As you probably know, 'lumens' is a measure of the total light output from the light, not how intense the light is. To know how intense or bright a light is, you need to know both the lumens and the area over which the lumens are being spread. So if you have two lights that are both 100 lumens, but one light has a beam that is 2x as wide, then that beam will also be half as bright. So it's always a trade off between a narrower but brighter beam, or a wider but less bright beam. A narrow beam is good for spotting things far off, but not that useful when doing camp chores and vice versa.
Zebralights in general are quite 'floody' lights, which means that the lumens are really spread around, thus making the light appear less intense then you'd expect. Until recently, I had both a Princeton Apex and the Zebralight H51. The H51 is rated much higher (200 lumens vs. 130 lumens) but I could see significantly further with the Apex, because nearly all of the 130 lumens are used in the fairly narrow beam, whereas the Zebralight uses most of it's 200 lumens for the 80 degree flood, and maybe only 70-100 lumens are actually used in the center beam or 'hot spot'.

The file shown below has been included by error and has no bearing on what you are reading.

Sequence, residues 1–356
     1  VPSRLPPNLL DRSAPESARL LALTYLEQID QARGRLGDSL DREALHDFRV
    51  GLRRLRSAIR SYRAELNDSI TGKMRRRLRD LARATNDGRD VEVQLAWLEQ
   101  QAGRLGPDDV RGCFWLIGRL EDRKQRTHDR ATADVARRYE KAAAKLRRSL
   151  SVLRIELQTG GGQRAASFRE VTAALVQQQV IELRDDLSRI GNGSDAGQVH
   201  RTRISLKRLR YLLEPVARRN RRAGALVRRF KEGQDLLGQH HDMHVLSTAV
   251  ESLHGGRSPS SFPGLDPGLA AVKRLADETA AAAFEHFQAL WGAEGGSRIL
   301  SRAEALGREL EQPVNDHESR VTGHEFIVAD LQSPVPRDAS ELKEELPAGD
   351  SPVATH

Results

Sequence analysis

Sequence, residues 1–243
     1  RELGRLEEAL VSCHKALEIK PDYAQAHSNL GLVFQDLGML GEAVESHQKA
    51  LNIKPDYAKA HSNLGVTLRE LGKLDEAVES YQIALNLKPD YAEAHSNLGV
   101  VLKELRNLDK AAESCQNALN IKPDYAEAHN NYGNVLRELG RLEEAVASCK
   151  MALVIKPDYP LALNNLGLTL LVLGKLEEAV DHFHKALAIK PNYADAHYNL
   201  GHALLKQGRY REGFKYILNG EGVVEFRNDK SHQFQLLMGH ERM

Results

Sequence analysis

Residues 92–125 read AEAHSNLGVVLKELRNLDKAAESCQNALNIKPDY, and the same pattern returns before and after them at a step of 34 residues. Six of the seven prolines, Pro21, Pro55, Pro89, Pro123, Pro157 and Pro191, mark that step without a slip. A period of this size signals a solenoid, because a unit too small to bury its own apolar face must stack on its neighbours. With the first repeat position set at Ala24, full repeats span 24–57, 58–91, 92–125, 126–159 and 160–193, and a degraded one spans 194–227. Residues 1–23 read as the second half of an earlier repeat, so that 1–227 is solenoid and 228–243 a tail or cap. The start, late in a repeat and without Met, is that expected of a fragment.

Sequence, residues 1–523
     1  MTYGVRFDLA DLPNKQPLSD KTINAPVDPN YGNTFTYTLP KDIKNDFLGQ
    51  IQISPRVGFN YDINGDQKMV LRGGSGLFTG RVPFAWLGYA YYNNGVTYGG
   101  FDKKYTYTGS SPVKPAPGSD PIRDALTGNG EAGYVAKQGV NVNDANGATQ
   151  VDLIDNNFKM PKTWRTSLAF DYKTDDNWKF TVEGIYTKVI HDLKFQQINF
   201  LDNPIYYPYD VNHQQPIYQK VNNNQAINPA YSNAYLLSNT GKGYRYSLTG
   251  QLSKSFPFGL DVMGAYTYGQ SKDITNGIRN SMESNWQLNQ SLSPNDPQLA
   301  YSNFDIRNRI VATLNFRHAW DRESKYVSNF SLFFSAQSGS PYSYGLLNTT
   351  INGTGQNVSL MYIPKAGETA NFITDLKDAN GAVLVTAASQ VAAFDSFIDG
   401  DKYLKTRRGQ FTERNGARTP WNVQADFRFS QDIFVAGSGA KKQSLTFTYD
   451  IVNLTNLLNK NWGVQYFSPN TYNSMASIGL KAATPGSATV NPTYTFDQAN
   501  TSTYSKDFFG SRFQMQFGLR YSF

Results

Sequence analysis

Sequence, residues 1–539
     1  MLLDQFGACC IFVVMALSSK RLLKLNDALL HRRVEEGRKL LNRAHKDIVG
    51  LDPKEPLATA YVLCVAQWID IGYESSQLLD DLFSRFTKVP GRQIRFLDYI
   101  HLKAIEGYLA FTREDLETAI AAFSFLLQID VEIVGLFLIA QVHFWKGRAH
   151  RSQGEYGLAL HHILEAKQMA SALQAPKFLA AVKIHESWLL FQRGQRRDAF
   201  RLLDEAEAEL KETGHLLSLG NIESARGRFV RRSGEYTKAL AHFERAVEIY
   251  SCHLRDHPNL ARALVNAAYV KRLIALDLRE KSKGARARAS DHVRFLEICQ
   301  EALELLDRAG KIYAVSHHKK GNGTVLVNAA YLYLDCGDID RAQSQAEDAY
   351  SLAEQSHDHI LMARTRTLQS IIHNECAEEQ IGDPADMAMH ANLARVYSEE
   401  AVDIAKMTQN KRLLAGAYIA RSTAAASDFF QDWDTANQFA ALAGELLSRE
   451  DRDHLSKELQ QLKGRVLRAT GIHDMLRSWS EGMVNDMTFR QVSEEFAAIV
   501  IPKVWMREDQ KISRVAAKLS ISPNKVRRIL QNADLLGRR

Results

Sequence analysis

With the Zebralight H501, there is no hot spot at all. The 96 lumens are evenly spread out over a big 80 degree flood, which means in any one direction you're not going to be able to see that far. This kind of light is great for camp chores, but not so great for seeing far. I speculate that a 20-30 lumen light that utilizes 80% of that in a beam, could probably shine about the same distance as the 96 lumen H501. This is quite speculative, but hopefully you understand my main point which is that the H501 really spreads the light around so it's not as intense as you probably imagine 96 lumens being.
This is why I like the H51. You get basically all the flood light that the H501 provides, plus a nice brighter spot in the middle for times when you want to see further.